I did my BSc in Physics at the University of Sao Paulo, Brazil, where I also did my MSc and PhD. After a post-doc at the MIT (Cambridge, MA, USA) from 1987 to 1989 I came to the Universidade Estadual de Campinas (Unicamp) where I am now a full professor at the Physics Department. In the past years I have been working on different aspects of population dynamics. Most of these works were developed using individual based simulations, focusing on processes of speciation and their relation with physical space. In particular, we try to understand the role of partial geographical barriers and natural selection in speciation. Recently, we have applied these models to the study of ring species (see Research), where we were able to directly compare the results of the simulations with empirical data. The results obtained with these models motivated the development of a series of theoretical studies, where we write equations that capture the features explored by the numerical models. The goal is to get a deeper understanding of the dynamics and to clarify the role of the many model parameters, such as the mutation rate, the size of the population, the number of genes, etc.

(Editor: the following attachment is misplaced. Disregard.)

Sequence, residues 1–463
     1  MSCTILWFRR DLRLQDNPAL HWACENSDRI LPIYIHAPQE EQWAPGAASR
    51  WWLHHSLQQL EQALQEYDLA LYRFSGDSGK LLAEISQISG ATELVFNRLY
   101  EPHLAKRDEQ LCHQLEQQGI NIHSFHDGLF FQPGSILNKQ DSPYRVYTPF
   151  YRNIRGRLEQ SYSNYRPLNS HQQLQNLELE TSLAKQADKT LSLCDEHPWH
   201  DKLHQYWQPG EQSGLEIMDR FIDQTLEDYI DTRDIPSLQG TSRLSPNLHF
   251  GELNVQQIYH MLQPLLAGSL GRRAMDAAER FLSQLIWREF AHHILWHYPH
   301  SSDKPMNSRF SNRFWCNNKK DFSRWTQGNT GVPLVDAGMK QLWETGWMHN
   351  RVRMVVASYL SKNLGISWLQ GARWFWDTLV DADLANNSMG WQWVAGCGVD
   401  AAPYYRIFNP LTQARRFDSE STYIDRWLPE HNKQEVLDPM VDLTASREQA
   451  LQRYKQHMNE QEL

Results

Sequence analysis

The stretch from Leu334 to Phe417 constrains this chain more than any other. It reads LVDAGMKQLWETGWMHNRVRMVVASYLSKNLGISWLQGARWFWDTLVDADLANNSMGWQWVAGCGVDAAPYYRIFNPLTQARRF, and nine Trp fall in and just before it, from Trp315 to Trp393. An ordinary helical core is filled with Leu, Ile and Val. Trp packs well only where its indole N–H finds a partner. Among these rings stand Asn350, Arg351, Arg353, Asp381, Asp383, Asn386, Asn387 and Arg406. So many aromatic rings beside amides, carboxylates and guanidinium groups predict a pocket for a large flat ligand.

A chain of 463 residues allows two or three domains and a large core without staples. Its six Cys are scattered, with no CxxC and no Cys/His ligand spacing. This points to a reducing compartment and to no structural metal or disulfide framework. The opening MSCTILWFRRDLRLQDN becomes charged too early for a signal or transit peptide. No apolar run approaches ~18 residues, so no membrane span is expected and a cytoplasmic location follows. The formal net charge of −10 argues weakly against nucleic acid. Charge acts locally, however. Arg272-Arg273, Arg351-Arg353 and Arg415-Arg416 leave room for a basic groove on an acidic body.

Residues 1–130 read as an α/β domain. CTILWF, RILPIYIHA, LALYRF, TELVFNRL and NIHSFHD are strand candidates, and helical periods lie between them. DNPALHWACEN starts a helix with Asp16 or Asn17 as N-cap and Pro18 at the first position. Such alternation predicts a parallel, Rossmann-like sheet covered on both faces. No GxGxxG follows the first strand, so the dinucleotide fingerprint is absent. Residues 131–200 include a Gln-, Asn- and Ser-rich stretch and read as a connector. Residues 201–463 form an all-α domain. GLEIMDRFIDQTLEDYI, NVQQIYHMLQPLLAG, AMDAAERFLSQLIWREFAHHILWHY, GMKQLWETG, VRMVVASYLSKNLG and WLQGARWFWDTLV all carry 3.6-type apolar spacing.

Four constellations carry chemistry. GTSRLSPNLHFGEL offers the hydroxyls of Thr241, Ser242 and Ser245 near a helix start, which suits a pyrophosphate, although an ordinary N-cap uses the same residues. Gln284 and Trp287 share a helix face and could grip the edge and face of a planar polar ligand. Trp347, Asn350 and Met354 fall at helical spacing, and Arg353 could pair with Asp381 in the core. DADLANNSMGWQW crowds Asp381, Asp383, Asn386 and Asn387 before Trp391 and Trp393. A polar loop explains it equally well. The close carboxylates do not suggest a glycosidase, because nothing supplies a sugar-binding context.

Parallel to my work in evolutionary biology I also have interest in chaotic and complex dynamical systems, including topics in statistical mechanics, networks and semiclassical limit. Most of these projects have been developed with the help of graduate students and collaborators, particularly Yaneer Bar-Yam and, until very recently, with Michel Baranger.